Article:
Why is this important? Because you have certain tiers in Capital that banks need-Tier's 1, 2,and 3, and these are substantially different than the levels that brokerage firms price their assets. Today, you make hear whispering by the bears about Goldman Sachs (GS 227.62) and their asset level pricing. From their latest 10Q, (from memory) they had $73 billion of level 3 assets, and a $2.98 billion gain on it.

Maybe Goldman has their own SIV. Or at least, that's the whispers you may hear. So read their 10Q so you'll know how to answers the whispering bears.

Bank of America's earnings

BAC had a much larger loan losses than expected. Non performing assets were $3.37 billion vs $1.67 billion the previous year. Since BAC is regarded as one of the best run banks in the country, it shows that loan deterioration is happening at a quickening pace.

Now it's apparent that residential housing caught the banks off guard, and they'll say the same when it comes to commercial loans. Loan losses are accelerating for one simple reason. A typical homeowner will do his best to hold on to his home, until he throws in the towel. It's easier to throw in the towel, when your equity disappears. The home equity losses are appearing even faster because of "short sales" in a home.

Assume Joe sixpack in 2005 had a $300,000 house. He had a mortgage of $225,000 and an equity line of $50,000. That house is now worth $225,000 but will sell for less than $200,000. The equity line is a total loss, and their will be a 20% hit on the mortgage also. An investor or a buyer, will offer to buy the house for $175,000 even though $275,000 is owed. The bank eats the loss, and the homeowner "short sales" the home. The short sale only stays on his credit for two years, and the tax implications of this are negotiable.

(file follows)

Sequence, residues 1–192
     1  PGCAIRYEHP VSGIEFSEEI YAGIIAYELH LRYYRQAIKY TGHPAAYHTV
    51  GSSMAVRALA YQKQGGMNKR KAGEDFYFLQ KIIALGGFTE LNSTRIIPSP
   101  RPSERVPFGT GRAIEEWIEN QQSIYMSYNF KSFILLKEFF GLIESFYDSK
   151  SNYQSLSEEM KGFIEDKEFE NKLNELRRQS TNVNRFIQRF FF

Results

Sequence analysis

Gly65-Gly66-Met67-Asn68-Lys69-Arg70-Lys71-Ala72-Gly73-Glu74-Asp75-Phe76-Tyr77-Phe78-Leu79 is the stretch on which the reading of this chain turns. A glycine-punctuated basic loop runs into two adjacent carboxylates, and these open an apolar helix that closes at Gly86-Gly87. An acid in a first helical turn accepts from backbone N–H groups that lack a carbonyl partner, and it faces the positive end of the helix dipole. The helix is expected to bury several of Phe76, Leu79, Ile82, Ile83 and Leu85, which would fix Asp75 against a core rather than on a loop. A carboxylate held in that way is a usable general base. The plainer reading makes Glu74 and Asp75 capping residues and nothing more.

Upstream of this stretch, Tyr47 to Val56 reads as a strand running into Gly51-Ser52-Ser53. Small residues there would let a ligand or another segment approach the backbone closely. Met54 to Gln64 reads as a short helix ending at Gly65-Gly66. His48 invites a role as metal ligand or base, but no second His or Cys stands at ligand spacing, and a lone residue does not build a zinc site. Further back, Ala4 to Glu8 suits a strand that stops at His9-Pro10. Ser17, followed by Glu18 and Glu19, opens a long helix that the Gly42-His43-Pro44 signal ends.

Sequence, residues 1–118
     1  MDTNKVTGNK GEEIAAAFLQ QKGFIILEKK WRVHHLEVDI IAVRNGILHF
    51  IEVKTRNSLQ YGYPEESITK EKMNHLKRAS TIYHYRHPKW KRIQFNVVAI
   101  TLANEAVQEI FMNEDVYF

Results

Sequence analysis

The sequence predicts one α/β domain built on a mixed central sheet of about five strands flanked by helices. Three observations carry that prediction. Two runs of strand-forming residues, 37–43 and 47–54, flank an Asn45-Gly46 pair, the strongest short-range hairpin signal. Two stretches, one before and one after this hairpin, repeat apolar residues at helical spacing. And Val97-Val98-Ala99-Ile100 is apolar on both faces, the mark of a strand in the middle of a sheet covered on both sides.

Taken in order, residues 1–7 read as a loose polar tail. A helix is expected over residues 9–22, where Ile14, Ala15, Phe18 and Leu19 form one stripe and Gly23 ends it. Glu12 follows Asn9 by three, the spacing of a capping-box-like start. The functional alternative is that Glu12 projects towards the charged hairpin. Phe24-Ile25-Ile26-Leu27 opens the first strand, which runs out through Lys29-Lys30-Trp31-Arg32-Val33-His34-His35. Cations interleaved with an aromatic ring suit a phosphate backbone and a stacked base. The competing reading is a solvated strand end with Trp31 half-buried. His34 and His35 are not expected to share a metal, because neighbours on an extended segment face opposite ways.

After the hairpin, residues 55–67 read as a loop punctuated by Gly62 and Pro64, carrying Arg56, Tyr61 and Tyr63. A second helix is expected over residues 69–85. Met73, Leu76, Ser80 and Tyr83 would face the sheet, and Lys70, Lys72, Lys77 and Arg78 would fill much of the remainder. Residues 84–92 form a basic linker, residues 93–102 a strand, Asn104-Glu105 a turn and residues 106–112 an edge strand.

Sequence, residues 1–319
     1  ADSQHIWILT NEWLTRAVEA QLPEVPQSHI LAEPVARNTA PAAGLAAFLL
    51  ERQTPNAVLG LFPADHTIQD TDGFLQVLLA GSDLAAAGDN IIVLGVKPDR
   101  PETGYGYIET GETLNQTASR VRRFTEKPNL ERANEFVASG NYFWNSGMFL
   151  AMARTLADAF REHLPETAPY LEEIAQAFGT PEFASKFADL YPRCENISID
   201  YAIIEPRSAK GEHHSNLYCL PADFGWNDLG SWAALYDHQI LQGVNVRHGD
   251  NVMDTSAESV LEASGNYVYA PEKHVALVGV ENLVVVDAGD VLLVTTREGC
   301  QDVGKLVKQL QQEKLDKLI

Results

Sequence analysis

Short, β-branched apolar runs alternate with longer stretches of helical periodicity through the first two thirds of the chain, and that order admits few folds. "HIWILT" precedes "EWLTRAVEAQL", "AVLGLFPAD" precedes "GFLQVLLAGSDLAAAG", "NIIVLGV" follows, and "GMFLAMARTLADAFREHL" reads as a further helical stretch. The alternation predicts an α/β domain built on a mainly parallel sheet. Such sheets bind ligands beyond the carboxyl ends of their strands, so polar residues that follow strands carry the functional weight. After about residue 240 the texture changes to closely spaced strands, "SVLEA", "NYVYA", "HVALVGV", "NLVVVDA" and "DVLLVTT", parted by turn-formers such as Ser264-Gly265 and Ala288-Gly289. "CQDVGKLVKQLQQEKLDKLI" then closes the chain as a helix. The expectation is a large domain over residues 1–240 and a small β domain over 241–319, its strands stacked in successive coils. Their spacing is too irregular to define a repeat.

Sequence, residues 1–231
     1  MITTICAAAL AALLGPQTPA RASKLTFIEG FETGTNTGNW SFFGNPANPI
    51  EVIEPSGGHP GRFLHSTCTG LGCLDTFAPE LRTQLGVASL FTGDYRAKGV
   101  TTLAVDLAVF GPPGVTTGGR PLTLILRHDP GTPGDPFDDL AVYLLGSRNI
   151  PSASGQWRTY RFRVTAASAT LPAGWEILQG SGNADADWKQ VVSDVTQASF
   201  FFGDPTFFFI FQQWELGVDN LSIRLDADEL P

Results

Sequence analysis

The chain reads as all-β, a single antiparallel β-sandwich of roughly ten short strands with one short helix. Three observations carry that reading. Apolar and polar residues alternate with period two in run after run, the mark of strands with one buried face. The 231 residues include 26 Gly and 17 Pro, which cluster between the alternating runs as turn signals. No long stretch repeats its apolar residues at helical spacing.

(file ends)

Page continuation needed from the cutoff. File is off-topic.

Banks got stuck on dummy mortgages; now they are getting stuck on funky short sales. Home prices need to go up, for this mess to stop, and the FED understands the problem when their banker buddies continually take hits on their balance sheets. When the homeowner was getting hit, things were "contained." When the bankers get hit, it's contagion.

Thus the FED cuts in October, and they do 50 basis points. That is not in the market.

Wednesday, October 17, 2007

Housing implosion accelerates

Now the SEC is looking at CFC's Mozilo stock sales, Washington Mutual blows up it's earnings, and Citigroup trades at a yearly low. In mortgage insurance MGIC investment (MTG 26.16) was down 4.71, and they sounded terrible on their conference call, especially with their defense of FL real estate. It's cousin, PMI (26.65) was down almost 3. Citigroup traded 100 million shares, and only rallies on rumours that Prince will be fired. Here's how it works out.

The Fed couldn't care less about strength in the NASDAQ, but they are concerned about the weakness in the banks. Treasury Secretary Paulson stump speech yesterday was a back handed attempt telling banks that they need to keep homeowners in their houses. Why? What is the $80 billion SIV for? To keep these assets off the balance sheet until pricing recovers. It's the same in housing.